Issue Date: January 29, 2007
Hundreds turn out to preview Percy Julian documentary
More than 500 people, including lawmakers, educators, and industry executives, gathered in Washington, D.C., on Jan. 23, for a private preview screening of the film biography "Forgotten Genius," about the life and career of pioneering African American chemist Percy Lavon Julian (1899-1975).
The film, produced by the WGBH television program NOVA and supported in part by the American Chemical Society (C&EN, Oct. 2, 2006, page 52), describes Julian's struggle with racism and his breakthrough research on drugs to treat glaucoma and rheumatoid arthritis.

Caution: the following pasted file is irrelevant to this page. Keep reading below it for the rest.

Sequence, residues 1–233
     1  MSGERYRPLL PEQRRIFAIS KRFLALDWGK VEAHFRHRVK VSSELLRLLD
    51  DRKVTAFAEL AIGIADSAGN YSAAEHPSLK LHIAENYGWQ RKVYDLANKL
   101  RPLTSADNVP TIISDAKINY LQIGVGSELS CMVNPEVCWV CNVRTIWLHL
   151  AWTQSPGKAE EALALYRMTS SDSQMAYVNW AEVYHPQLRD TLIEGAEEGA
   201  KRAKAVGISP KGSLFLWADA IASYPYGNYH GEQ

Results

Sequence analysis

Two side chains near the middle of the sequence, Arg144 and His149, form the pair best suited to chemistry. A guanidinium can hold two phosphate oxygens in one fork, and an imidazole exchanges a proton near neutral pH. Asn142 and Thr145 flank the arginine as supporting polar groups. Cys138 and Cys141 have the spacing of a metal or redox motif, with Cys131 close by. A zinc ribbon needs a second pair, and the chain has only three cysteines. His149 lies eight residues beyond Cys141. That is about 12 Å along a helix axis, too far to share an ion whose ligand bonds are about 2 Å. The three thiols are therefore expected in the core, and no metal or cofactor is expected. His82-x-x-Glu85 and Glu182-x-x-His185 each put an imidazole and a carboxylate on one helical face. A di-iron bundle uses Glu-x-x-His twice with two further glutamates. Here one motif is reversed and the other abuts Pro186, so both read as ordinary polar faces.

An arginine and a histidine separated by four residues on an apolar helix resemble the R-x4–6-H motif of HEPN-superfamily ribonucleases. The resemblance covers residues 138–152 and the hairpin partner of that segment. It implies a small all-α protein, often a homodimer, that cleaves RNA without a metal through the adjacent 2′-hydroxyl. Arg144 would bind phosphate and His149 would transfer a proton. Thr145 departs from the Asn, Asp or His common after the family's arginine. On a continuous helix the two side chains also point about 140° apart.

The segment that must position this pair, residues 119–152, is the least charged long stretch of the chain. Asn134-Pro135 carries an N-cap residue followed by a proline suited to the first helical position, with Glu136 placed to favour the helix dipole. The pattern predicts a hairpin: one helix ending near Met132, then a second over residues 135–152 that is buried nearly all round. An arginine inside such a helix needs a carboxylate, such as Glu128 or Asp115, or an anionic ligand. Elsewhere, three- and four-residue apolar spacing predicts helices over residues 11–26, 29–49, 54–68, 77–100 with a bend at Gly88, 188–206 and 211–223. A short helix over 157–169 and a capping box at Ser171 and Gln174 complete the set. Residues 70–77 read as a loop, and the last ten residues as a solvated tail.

"I thought it was a wonderful film," says James A. Donaldson, dean of the College of Arts & Sciences at Howard University, who attended the screening. "Although they were only excerpts from the film, what I saw was certainly sufficient for me to recommend the full two-hour film to others without reservation."
The documentary film will air nationally on Feb. 6, at 8:00 PM on PBS.
Following the 30-minute screening, a panel—which included producers Stephen Lyons and Llewellyn Smith; James P. Shoffner, who spearheaded ACS's support of the project; and Julian's longtime friend Bernhard Witkop—fielded questions from the audience.
Also, Rep. Eddie Bernice Johnson (D-Texas) spoke about a commemorative resolution that she introduced to honor Julian's life and accomplishments. The bill is under consideration in both the House and Senate.
- Chemical & Engineering News
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